A checklist for assessing the methodological quality of concurrent tES-fMRI studies (ContES checklist): a consensus study and statement.
Ekhtiari H., Ghobadi-Azbari P., Thielscher A., Antal A., Li LM., Shereen AD., Cabral-Calderin Y., Keeser D., Bergmann TO., Jamil A., Violante IR., Almeida J., Meinzer M., Siebner HR., Woods AJ., Stagg CJ., Abend R., Antonenko D., Auer T., Bächinger M., Baeken C., Barron HC., Chase HW., Crinion J., Datta A., Davis MH., Ebrahimi M., Esmaeilpour Z., Falcone B., Fiori V., Ghodratitoostani I., Gilam G., Grabner RH., Greenspan JD., Groen G., Hartwigsen G., Hauser TU., Herrmann CS., Juan C-H., Krekelberg B., Lefebvre S., Liew S-L., Madsen KH., Mahdavifar-Khayati R., Malmir N., Marangolo P., Martin AK., Meeker TJ., Ardabili HM., Moisa M., Momi D., Mulyana B., Opitz A., Orlov N., Ragert P., Ruff CC., Ruffini G., Ruttorf M., Sangchooli A., Schellhorn K., Schlaug G., Sehm B., Soleimani G., Tavakoli H., Thompson B., Timmann D., Tsuchiyagaito A., Ulrich M., Vosskuhl J., Weinrich CA., Zare-Bidoky M., Zhang X., Zoefel B., Nitsche MA., Bikson M.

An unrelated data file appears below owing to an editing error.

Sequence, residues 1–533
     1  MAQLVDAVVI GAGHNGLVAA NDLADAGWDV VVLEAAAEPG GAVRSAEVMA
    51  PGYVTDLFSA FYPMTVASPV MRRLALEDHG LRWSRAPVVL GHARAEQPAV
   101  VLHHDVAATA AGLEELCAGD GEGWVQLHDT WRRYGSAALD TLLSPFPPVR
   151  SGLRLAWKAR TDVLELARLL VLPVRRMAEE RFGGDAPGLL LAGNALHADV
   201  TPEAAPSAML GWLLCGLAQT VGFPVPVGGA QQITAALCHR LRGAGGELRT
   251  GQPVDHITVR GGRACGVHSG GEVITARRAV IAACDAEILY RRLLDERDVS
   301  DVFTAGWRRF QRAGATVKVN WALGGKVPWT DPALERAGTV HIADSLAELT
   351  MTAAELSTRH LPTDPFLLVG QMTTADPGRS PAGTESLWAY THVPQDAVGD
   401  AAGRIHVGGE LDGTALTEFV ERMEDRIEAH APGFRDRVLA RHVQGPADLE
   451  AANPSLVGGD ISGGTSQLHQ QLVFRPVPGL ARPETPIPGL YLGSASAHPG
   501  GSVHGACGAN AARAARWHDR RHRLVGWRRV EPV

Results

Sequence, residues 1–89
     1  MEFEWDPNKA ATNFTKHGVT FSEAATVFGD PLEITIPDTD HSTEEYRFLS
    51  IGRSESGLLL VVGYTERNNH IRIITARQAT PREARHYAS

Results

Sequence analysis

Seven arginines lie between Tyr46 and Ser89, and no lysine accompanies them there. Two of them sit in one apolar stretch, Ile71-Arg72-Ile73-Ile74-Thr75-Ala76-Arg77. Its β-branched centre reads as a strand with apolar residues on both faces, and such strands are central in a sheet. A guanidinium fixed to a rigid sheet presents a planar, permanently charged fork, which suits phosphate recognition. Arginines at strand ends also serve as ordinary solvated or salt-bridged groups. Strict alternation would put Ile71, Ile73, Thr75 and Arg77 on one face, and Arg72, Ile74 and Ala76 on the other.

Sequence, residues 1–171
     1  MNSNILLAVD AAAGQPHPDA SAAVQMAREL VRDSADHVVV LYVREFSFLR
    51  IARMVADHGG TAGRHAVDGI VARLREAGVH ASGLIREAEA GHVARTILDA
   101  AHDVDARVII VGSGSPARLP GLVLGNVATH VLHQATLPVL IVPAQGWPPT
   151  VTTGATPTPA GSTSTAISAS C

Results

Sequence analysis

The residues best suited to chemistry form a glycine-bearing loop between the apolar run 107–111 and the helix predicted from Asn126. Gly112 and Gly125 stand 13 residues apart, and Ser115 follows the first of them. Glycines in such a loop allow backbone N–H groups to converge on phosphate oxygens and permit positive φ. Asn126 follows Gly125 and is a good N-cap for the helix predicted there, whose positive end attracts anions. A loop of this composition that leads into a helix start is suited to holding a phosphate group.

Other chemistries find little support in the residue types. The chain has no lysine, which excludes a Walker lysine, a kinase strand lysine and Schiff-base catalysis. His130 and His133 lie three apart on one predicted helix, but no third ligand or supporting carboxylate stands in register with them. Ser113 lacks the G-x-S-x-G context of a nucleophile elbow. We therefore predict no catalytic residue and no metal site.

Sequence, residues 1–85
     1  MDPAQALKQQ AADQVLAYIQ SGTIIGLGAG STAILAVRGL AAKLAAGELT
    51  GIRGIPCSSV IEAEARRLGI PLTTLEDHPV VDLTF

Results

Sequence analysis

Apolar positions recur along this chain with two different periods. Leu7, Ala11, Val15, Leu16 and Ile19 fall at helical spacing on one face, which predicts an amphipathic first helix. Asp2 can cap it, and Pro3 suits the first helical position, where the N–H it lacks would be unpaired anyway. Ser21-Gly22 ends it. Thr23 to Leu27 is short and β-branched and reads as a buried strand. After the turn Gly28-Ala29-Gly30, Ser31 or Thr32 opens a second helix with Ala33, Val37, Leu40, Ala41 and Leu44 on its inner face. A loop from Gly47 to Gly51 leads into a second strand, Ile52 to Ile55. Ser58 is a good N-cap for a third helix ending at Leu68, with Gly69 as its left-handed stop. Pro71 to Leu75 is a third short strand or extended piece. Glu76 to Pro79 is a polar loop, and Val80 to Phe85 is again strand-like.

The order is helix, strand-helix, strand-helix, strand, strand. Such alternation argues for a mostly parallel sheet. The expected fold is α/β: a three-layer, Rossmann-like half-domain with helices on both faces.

Low-intensity transcranial electrical stimulation (tES), including alternating or direct current stimulation, applies weak electrical stimulation to modulate the activity of brain circuits. Integration of tES with concurrent functional MRI (fMRI) allows for the mapping of neural activity during neuromodulation, supporting causal studies of both brain function and tES effects. Methodological aspects of tES-fMRI studies underpin the results, and reporting them in appropriate detail is required for reproducibility and interpretability. Despite the growing number of published reports, there are no consensus-based checklists for disclosing methodological details of concurrent tES-fMRI studies. The objective of this work was to develop a consensus-based checklist of reporting standards for concurrent tES-fMRI studies to support methodological rigor, transparency and reproducibility (ContES checklist). A two-phase Delphi consensus process was conducted by a steering committee (SC) of 13 members and 49 expert panelists through the International Network of the tES-fMRI Consortium. The process began with a circulation of a preliminary checklist of essential items and additional recommendations, developed by the SC on the basis of a systematic review of 57 concurrent tES-fMRI studies. Contributors were then invited to suggest revisions or additions to the initial checklist. After the revision phase, contributors rated the importance of the 17 essential items and 42 additional recommendations in the final checklist. The state of methodological transparency within the 57 reviewed concurrent tES-fMRI studies was then assessed by using the checklist. Experts refined the checklist through the revision and rating phases, leading to a checklist with three categories of essential items and additional recommendations: (i) technological factors, (ii) safety and noise tests and (iii) methodological factors. The level of reporting of checklist items varied among the 57 concurrent tES-fMRI papers, ranging from 24% to 76%. On average, 53% of checklist items were reported in a given article. In conclusion, use of the ContES checklist is expected to enhance the methodological reporting quality of future concurrent tES-fMRI studies and increase methodological transparency and reproducibility.